William Blake addresses racism and the slave trade going on during the Romantic period through his works. During the Romantic Period, children were often viewed that they were an adult just younger and smaller, meaning not a child. The book, Innocence, Heterosexuality, and the Queerness of Children’s Literature expresses that children’s innocence during the Romantic Period had an influence on Blake to portray that into his poems. “…
Yet it is necessary to consider Romanticism’s influence on children’s literature and its development, especially in the frequent conflation of childhood and innocence during this period… Romanticism’s imprint on cultural conceptions of children and children’s literature is most apparent in the figure of the Romantic child, as evident in much masterworks as William Blake’s Songs of Innocence… ” (Pugh). During the Romantic Period, artists and writers use scenes from nature to trigger the imagination of their audience (McAtee and Everett).
Nature wasn’t only used as an environmental description, “While particular perspectives with regard to nature varied considerably–nature as a healing power, nature as a source of subject and image, nature as a refuge from the artificial constructs of civilization, including artificial language–the prevailing views accorded nature the status of an organically unified whole,” (Melani). In Blake’s “The Laughing Song” it begins immediately with different elements of nature, “… green woods… dimpling stream… green hill… meadows… ” (Blake).
Then the poem shifts to laughing grasshoppers and then three laughing girls are mentioned, “And the grasshopper laughs in the merry scene, / When Mary and Susan and Emily / With their sweet round mouths sing “Ha, ha he! “” (Blake). The idea of the child as roaming, or wandering free in the countryside is an idea discovered in “Laughing Song. ” Blake brings nature and children together to enjoy a sublimely peaceful scene of rural happiness and peacefulness. Blake promotes the supremacy of rural life by the pure innocence and joy that children experience in their natural surroundings.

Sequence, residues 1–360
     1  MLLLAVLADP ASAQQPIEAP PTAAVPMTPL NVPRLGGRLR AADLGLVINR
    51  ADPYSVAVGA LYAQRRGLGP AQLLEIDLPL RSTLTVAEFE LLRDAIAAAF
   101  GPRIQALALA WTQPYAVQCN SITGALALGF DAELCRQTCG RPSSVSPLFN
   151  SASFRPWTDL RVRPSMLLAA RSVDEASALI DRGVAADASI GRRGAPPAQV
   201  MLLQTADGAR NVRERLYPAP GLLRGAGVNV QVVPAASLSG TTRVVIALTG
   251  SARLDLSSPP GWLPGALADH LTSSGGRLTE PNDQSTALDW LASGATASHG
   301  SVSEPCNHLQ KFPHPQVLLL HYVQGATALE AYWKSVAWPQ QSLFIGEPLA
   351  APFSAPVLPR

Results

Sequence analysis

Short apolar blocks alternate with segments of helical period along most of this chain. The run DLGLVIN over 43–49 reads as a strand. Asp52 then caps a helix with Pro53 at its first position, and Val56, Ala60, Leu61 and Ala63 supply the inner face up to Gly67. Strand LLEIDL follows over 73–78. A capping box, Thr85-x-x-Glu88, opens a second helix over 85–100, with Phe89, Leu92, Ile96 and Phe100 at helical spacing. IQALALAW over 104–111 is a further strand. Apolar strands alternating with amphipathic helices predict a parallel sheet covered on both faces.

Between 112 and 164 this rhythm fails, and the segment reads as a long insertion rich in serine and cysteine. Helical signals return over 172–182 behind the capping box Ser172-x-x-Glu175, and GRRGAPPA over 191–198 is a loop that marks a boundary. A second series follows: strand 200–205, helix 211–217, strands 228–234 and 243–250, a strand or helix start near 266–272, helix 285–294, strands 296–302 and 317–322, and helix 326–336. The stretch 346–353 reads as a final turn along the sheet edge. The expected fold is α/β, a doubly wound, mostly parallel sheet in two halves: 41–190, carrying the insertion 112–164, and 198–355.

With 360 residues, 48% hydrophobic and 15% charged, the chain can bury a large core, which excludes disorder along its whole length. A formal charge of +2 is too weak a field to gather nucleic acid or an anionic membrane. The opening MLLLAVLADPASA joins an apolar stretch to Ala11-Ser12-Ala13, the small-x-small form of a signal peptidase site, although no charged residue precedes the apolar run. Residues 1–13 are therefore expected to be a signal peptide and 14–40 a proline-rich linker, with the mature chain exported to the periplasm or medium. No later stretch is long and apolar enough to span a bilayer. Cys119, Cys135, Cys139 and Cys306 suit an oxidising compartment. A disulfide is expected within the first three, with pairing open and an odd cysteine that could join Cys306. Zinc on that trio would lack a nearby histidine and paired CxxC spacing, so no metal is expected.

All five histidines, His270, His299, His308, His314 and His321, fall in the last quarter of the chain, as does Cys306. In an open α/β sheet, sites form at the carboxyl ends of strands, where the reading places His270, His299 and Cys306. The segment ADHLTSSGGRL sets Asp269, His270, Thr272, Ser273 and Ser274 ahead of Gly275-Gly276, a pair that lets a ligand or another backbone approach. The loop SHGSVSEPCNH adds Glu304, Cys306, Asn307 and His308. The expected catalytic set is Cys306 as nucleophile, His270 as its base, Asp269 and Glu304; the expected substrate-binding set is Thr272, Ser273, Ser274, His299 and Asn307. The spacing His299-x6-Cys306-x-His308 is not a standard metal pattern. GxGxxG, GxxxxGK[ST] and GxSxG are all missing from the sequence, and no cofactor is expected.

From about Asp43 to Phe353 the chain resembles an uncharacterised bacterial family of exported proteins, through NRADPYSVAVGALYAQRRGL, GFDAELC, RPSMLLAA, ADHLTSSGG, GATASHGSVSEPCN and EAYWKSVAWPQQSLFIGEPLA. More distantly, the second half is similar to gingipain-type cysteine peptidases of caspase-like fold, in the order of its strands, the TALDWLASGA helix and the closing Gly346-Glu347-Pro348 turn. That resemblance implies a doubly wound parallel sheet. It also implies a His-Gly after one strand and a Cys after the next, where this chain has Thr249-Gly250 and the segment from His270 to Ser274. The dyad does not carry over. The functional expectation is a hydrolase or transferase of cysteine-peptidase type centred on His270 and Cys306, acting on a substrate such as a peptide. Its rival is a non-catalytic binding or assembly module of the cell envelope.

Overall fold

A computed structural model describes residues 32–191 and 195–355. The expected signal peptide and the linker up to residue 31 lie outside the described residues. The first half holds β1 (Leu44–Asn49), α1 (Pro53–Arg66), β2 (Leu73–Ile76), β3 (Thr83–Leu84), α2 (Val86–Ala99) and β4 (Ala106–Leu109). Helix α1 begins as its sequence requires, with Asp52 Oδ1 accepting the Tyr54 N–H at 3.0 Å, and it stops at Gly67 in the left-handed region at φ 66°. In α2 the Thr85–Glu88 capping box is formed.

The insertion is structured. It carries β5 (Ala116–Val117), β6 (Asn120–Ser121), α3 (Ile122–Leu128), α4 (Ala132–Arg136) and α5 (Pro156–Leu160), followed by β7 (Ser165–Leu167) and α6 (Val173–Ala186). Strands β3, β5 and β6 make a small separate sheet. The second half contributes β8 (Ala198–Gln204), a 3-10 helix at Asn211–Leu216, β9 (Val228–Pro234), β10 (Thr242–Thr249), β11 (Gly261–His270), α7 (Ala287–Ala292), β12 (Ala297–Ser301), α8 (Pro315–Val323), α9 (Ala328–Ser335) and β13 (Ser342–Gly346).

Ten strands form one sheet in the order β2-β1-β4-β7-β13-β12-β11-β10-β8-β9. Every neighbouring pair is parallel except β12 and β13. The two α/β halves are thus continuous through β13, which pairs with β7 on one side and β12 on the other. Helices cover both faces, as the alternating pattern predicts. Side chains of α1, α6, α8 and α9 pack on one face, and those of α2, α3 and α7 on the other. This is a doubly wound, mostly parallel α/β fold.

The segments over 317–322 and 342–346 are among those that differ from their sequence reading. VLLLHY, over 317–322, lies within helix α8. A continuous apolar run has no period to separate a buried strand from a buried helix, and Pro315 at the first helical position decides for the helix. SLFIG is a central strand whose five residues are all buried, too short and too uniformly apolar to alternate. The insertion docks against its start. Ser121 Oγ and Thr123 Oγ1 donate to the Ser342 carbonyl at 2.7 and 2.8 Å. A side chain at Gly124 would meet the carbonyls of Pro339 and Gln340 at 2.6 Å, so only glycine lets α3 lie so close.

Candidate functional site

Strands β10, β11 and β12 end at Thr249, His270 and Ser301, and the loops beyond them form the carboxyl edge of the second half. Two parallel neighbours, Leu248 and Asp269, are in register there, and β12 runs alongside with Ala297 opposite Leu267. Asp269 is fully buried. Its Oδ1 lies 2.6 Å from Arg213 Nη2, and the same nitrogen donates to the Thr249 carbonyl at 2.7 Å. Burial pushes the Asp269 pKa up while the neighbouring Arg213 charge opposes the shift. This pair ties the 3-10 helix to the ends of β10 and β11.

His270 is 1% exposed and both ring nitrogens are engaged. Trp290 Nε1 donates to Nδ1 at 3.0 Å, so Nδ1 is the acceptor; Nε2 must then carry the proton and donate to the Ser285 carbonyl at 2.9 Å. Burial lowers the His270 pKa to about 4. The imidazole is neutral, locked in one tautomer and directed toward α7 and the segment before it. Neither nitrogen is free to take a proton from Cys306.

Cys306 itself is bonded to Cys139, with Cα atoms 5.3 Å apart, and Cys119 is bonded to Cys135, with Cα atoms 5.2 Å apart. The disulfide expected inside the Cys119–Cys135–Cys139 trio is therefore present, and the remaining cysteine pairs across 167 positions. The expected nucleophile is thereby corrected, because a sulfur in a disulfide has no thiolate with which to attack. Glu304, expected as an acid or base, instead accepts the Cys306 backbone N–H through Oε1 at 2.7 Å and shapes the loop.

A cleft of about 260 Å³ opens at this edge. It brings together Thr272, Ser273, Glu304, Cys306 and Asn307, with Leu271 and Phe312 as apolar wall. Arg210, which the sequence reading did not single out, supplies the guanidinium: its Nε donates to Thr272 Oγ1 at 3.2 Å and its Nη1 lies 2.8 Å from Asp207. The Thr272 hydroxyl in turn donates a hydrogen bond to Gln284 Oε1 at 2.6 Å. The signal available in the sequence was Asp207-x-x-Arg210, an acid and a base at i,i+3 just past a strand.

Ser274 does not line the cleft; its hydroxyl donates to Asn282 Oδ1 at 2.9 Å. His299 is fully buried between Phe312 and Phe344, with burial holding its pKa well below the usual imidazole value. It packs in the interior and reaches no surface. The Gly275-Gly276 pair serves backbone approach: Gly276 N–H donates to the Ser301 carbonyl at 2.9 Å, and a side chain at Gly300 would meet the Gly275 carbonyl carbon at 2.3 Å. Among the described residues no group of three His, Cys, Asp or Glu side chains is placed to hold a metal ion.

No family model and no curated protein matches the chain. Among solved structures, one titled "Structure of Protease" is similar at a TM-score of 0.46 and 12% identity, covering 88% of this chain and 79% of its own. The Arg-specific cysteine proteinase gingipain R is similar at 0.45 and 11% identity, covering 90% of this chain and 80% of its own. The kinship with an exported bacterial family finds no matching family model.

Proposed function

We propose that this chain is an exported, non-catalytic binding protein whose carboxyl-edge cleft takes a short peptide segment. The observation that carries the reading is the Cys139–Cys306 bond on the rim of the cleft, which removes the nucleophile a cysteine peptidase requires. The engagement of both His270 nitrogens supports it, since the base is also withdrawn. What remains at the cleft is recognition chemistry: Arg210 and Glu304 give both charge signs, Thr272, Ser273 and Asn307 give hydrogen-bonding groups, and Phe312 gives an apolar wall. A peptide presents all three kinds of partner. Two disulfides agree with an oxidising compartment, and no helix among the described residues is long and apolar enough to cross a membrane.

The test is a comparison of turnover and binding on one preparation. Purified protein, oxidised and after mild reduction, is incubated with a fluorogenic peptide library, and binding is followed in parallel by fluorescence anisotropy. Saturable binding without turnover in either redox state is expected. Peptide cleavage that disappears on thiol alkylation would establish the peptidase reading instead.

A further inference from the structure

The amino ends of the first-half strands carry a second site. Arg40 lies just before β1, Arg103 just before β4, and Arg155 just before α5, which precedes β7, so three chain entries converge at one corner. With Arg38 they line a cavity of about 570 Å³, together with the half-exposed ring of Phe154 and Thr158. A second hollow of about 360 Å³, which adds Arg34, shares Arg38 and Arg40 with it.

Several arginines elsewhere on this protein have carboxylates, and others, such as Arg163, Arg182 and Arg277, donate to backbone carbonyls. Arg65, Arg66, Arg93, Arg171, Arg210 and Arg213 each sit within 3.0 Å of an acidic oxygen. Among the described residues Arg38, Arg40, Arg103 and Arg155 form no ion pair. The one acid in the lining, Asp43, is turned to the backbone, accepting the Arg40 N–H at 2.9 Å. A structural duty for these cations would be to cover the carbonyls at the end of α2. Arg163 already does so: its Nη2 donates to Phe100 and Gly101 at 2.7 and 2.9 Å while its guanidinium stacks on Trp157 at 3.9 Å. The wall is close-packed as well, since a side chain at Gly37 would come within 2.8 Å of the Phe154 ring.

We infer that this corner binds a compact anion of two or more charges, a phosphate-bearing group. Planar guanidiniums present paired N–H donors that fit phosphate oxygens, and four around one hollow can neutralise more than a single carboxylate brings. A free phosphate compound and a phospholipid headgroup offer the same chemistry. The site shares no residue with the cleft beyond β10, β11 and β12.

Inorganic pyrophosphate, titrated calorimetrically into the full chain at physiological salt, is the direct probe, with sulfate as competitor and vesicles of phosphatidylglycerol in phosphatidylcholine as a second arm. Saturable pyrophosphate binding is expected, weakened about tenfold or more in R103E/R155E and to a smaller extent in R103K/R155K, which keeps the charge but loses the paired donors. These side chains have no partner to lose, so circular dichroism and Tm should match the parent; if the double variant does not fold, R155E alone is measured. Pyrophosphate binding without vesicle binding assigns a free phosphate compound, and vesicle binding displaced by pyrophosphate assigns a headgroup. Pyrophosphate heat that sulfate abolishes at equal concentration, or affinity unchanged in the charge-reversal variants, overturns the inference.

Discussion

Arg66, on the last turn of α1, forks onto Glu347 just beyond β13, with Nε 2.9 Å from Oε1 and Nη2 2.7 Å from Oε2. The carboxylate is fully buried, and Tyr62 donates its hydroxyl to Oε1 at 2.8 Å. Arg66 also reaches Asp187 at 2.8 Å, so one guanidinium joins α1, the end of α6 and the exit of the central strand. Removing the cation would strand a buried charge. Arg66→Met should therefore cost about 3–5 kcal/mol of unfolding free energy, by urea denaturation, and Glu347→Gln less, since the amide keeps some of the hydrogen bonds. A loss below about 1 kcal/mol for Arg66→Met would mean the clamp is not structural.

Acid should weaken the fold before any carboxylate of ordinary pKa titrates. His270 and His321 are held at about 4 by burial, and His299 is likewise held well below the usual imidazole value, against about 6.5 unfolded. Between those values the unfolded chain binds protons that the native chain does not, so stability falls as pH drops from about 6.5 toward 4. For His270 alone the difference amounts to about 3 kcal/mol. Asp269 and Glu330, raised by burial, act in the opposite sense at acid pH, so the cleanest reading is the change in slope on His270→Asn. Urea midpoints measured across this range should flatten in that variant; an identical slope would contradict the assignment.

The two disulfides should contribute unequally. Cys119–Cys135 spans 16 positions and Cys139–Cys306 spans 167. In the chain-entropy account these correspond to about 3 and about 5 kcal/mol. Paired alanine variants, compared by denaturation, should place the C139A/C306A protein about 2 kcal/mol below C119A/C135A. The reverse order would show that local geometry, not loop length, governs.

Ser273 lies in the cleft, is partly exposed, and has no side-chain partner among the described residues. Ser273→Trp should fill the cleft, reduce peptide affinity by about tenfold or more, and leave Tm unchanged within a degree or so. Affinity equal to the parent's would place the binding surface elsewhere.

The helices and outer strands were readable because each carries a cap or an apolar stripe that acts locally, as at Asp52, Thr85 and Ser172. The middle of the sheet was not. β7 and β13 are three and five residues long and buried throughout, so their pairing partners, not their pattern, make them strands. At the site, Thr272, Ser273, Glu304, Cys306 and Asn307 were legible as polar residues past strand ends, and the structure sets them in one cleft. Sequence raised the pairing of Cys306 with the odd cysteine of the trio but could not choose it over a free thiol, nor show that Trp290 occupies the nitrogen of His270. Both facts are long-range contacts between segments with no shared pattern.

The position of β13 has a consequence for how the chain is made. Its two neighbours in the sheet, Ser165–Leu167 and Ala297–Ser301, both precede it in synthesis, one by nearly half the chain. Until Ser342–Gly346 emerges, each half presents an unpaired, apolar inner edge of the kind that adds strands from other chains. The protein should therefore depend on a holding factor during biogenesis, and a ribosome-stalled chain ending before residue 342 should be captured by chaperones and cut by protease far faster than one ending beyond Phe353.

Blake uses a technique, where nature is personified and used to replicate human feeling through the use of pathetic fallacy (LiteraryDevices Editors). An example of pathetic fallacy in Blake’s poems is, ‘When the green woods laugh with the voice of joy… When the air does laugh with our merry wit… And the green hill laughs with the noise of it… ” (Blake). It is not only the nature “laughing”, but the children being jolly and rejoicing as well. Since cities became increasingly industrialized and larger, these causes lead to more people to appreciate nature more and more.
Reasons for the development of this strong connection between nature and romanticism include the Industrial Revolution, which led many people to leave rural areas and live in cities, separated from the natural world,” (McAtee and Everett). William Blake presented the loss of popular values and styles during the Romantic Period through his works of poetry. “The Songs of Innocence” and “The Songs of Experience” show current events finding their way into literature, imagination to escape reality, the belief in children’s innocence, and nature as truth and beauty.